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Are Uber drivers employees or independent contractors? A court in London says the former.
A London employment tribunal has ruled that drivers for the ridesharing company are employees of the company, not independent contractors, which means they’re entitled to a minimum wage, paid breaks, vacation pay, and other benefits.
Uber has already said that it will appeal the ruling.
“The overwhelming majority of drivers who use the Uber app want to keep the freedom and flexibility of being able to drive when and where they want,” said Jo Bertram, Regional General Manager of Uber in the UK in a statement emailed to VatorNews. “While the decision of this preliminary hearing only affects two people we will be appealing it.”
The company says more than 40,000 people drive for Uber in the United Kingdom today. While their statement makes much about the fact that only two people are involved in the London case, in stark contrast to the tens of thousands of people using the app, this leaves out the fact that Uber has faced similar legal battles here in the U.S.
In a colorful report that quotes Shakespeare and Milton, the London court cites a judgment from one of these cases:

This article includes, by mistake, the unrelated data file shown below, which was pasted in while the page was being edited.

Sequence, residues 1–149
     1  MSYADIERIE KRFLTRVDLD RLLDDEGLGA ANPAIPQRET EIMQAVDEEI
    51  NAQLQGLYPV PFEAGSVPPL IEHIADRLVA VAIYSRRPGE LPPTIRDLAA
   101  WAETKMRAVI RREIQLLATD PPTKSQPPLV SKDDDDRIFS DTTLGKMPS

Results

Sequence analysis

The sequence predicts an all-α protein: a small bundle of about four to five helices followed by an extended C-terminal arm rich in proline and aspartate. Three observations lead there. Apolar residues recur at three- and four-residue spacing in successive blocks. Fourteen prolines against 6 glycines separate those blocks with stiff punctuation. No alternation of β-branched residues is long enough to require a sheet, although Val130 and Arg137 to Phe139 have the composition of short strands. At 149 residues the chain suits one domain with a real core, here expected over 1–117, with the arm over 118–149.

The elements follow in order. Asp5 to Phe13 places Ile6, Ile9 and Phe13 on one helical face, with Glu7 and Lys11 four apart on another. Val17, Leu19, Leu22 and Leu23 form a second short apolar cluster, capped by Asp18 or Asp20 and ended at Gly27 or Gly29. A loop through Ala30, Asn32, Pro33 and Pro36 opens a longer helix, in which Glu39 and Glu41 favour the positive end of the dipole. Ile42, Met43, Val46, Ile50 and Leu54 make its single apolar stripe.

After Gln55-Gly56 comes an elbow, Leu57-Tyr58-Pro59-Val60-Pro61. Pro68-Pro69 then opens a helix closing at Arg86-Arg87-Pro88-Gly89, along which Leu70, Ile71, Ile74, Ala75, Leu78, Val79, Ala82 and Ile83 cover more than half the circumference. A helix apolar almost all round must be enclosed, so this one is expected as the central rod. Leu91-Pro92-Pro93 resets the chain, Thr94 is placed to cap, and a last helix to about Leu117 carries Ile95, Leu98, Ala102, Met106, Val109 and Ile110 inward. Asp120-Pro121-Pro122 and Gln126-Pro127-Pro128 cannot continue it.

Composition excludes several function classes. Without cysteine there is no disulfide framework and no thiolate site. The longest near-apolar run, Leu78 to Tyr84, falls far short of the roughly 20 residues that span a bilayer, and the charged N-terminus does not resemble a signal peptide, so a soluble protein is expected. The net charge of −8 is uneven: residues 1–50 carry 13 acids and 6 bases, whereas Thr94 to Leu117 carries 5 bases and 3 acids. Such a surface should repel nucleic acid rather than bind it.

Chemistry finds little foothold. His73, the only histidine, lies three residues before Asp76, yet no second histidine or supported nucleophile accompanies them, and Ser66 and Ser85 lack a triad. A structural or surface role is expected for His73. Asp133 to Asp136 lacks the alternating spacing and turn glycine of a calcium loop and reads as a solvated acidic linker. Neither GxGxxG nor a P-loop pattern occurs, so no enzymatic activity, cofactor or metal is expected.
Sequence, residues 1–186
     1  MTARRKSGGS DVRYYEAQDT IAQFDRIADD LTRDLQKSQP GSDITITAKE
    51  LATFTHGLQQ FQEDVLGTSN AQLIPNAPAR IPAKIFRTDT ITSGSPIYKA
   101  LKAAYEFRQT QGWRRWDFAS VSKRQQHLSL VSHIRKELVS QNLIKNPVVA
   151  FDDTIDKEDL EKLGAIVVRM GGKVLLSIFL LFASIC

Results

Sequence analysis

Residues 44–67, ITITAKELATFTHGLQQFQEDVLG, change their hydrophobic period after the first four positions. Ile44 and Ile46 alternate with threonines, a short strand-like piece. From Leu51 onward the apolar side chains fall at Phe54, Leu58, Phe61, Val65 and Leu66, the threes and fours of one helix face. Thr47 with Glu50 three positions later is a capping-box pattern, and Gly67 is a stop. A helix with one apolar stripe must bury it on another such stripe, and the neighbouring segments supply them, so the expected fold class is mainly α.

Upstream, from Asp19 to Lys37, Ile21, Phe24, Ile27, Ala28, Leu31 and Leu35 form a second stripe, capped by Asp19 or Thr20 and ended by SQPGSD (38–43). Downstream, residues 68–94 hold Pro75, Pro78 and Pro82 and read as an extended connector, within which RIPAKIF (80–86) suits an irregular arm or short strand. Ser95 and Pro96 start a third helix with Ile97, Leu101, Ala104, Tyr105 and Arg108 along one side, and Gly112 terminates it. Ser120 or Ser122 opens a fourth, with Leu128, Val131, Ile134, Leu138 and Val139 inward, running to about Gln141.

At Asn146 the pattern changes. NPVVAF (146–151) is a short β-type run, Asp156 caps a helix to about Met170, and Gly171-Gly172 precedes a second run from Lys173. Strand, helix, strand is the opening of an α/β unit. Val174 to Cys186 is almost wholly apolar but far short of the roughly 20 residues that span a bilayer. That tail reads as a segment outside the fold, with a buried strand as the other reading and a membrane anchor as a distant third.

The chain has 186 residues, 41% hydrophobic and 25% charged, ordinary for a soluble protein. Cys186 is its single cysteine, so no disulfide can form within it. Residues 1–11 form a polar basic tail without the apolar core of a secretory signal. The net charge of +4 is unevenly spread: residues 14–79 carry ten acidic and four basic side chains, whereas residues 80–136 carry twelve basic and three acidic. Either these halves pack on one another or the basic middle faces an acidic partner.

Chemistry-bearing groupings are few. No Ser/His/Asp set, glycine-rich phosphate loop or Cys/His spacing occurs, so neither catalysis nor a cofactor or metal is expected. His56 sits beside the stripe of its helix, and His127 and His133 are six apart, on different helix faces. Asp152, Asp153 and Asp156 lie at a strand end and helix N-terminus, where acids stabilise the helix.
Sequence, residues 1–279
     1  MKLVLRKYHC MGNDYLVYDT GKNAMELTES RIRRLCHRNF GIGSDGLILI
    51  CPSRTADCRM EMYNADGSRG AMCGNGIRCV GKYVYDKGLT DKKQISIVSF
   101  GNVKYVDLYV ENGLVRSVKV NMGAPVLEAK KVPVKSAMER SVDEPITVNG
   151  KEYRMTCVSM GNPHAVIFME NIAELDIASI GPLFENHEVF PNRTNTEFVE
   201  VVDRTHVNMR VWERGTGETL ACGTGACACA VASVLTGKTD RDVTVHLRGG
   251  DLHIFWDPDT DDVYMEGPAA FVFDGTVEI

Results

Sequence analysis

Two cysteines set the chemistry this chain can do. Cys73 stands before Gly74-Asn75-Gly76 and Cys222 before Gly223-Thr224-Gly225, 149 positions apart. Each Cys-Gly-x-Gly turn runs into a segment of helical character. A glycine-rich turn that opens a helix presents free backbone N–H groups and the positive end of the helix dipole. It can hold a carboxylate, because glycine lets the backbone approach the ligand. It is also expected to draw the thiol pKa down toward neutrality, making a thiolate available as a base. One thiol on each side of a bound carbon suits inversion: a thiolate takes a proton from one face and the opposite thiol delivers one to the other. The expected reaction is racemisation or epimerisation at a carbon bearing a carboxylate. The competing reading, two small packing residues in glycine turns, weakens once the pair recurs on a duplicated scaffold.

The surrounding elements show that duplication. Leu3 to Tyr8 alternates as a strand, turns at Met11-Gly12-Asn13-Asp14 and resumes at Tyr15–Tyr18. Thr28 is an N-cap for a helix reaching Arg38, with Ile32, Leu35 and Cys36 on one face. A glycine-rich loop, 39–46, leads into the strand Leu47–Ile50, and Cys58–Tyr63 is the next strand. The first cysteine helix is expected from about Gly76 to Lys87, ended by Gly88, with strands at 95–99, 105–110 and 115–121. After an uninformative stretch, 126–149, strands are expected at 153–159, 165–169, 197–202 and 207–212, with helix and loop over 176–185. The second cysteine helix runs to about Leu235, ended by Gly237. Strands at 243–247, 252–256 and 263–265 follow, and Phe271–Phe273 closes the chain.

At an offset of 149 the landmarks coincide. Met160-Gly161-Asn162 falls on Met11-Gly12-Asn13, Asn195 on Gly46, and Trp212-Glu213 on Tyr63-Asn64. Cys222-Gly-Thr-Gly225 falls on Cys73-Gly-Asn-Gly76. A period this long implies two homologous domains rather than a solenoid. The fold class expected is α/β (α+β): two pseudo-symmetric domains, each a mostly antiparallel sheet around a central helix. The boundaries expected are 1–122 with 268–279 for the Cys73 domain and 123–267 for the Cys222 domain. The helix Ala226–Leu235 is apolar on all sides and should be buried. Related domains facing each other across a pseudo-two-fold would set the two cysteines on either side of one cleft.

Uber does not simply sell software; it sells rides. Uber is no more a "technology company" than Yellow Cab is a "technology company" because it uses CB radios to dispatch taxi cabs.
“We respectfully agree,” wrote the London tribunal.
That quote was lifted from the California District Court ruling in Douglas O'Connor vs. Uber, in which 385,000 Uber drivers (in California and Massachusetts) had objected to their classification as “independent contractors.” Uber eventually settled with the drivers for $100 million, but left the classification in place—a clear win for the deep-pocketed tech company.
A few months later, however, U.S. District Judge Edward Chen threw out the settlement.
The latest ruling by the London tribunal goes directly against one of the core tenets of Uber’s chief business model, which relies on a steady stream of self-employed drivers to support the platform’s success. Over the past few years, Uber has vehemently argued in courts and marketing materials that its drivers love the flexibility and ease of working on their own terms.
But while it can be a simple way to make money, it may not be a reliable form of income in the long term.
Even Mitch Kapor (co-founder of the Electronic Frontier Foundation, Kapor Center for Social Impact, and Kapor Capital), who invested in Uber in 2009, admitted that driving for the company is "a great second job, but not a great primary source of income."
Of course, this isn’t the end. Uber will likely fight the London court’s ruling tooth and nail to get the thing overturned.